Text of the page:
I just finished a book that blew my mind. It’s called “Overdressed: The Shockingly High Cost of Cheap Fashion” by Elizabeth L. Cline, and it explores the deep, dark problems behind the cheap ‘fast fashion’ that dominates today’s clothing industry. The book examines big retailers like Zara, H&M, Forever 21, Old Navy, Target, and Walmart, and how selling what are essentially ‘disposable’ clothes has horrendous consequences for the whole world.
First, there’s the problem with North American consumerism. Because clothes are cheap, everyone shops a lot. Quality doesn’t really matter because, when a new $15 shirt stretches out in the wash or self-destructs after a few wears, it can be easily replaced by something else that’s just as cheap. So people just keep buying, accumulating, and throwing out. There’s no incentive to take care of anything because it cost almost nothing, plus it’s pointless because there’s nothing to take care of! Clothes practically disintegrate from lack of quality.
Second, there’s the problem with outsourced production. The reason these stores can sell such cheap clothes is because they’re produced cheaply overseas. Up until 1997, 50 percent of clothes worn by Americans were still made in the U.S. Now it’s only 2 percent; and yet, unemployment rates are higher than ever. According to Cline, if Americans spent 1 percent of their disposable income on domestically made products, it would create 200,000 new jobs each year. But we’re too hooked on cheap prices to be willing to pay more for domestic production, and smaller, local retailers and designers can’t possibly compete with those prices.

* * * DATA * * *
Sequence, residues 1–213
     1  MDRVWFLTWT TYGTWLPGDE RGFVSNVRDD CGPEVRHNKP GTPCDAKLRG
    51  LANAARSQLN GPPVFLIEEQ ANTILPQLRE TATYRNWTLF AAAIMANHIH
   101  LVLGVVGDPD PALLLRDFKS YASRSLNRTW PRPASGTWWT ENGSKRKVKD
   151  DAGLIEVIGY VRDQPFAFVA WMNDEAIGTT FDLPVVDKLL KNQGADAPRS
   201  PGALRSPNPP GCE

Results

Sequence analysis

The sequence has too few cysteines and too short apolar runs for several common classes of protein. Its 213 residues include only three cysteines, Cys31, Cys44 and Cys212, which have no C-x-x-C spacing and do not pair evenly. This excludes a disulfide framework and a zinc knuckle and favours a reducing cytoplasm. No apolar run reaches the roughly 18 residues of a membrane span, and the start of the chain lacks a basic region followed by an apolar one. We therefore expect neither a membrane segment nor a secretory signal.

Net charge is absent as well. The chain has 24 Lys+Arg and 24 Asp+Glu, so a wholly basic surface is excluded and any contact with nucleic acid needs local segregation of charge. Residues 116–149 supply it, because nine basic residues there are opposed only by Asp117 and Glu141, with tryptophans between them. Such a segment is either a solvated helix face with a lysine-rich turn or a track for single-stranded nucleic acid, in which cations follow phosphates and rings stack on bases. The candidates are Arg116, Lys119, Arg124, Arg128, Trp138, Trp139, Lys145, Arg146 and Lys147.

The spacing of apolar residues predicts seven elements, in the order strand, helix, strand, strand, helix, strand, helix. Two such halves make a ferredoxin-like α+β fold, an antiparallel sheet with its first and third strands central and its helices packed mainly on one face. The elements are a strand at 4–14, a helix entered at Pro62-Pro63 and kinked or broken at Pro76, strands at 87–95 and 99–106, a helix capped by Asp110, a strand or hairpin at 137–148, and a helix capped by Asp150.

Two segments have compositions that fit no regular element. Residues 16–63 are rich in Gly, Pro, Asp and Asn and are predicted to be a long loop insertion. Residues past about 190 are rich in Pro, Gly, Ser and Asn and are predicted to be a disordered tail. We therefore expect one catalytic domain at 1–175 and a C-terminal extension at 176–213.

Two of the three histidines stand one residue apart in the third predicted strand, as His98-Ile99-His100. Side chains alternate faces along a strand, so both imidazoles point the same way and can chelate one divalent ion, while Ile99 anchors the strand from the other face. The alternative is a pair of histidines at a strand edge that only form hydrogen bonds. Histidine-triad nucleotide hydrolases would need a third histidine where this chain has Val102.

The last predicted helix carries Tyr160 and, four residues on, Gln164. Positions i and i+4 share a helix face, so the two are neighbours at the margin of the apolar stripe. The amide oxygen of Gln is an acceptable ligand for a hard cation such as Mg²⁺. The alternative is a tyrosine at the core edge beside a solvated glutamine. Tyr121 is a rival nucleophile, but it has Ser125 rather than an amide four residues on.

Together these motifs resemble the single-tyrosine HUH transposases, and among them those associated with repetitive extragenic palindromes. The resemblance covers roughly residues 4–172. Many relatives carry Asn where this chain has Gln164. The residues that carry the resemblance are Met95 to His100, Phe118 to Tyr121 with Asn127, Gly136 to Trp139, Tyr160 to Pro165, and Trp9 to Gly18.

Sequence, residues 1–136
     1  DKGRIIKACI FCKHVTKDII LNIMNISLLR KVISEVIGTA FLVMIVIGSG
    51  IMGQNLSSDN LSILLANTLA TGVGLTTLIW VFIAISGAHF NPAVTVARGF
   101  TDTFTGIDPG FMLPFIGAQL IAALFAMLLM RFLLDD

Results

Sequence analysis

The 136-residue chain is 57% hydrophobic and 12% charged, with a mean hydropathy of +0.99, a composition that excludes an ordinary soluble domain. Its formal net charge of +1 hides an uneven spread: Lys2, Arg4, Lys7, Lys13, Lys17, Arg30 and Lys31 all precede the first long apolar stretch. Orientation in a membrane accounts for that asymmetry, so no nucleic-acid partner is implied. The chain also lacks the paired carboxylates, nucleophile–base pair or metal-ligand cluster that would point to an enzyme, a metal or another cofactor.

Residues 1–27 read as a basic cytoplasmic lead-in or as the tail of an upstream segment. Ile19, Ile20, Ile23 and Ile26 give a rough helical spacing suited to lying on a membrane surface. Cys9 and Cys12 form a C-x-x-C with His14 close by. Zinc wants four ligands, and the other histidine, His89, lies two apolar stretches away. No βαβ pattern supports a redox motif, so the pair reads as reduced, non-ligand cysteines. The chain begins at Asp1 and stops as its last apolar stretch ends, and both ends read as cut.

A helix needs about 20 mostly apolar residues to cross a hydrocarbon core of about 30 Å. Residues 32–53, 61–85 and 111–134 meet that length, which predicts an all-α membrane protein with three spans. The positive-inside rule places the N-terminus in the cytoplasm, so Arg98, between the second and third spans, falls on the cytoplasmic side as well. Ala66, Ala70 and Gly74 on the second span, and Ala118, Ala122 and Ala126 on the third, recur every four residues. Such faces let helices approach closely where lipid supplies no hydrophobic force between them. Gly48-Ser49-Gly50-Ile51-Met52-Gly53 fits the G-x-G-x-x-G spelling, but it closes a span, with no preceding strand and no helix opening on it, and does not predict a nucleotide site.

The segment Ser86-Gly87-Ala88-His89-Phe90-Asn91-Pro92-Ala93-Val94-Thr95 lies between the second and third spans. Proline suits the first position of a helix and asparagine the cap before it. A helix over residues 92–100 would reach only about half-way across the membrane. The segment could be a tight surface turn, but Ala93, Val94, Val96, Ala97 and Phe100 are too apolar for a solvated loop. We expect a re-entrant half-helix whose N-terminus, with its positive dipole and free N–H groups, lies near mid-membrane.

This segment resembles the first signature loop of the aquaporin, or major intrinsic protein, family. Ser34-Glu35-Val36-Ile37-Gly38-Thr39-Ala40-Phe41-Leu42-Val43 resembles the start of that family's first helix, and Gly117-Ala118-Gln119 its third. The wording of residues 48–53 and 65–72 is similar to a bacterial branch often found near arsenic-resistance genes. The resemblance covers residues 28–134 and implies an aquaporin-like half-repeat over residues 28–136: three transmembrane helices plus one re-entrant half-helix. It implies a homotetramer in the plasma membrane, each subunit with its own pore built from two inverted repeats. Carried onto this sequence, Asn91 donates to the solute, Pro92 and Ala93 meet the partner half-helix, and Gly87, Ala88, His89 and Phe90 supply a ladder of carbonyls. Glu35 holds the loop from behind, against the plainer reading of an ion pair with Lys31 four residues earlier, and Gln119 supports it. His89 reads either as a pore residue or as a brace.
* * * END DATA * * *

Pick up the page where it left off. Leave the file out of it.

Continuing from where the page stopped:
Third, the garment factories are awful places where employees often earn less than minimum wage. They’re essentially slaves to the industry, unable to make enough money to feed their families and pay rent, let alone save anything for the future or for their kids’ education. But companies won’t increase the wages because consumers won’t pay any more for clothes. It’s a vicious cycle.
The book makes me glad to live in a small town where there are few retailers, which makes it easier to avoid the temptation of shopping. It also explains the often frustrating experiences I have with clothes – jeans tearing the first time I put them on, shirts stretching out, fabric getting bally and fuzzy, shoes that sit in my closet permanently because they’re too uncomfortable to wear, etc. I actually feel better after learning it’s a question of quality and doesn’t always have to be that way.
I liked Cline’s proposal for a “slow clothes” movement (similar to “slow food”). People need to wean themselves off the fast fashion diet. The solution is either to start investing in locally designed and made clothes (yes, ‘investing’ – because it will be a major financial outlay, but will likely be far more attractive, better fitting, and last longer), or start sewing, mending, and altering their own clothes. I especially love that last idea, even though I know nothing about sewing. To be able to sew is fabulously liberating and useful, just like knowing how to cook.
I recommend this book, although be prepared to start looking at clothing labels, fabrics, and styles in a disturbing new light.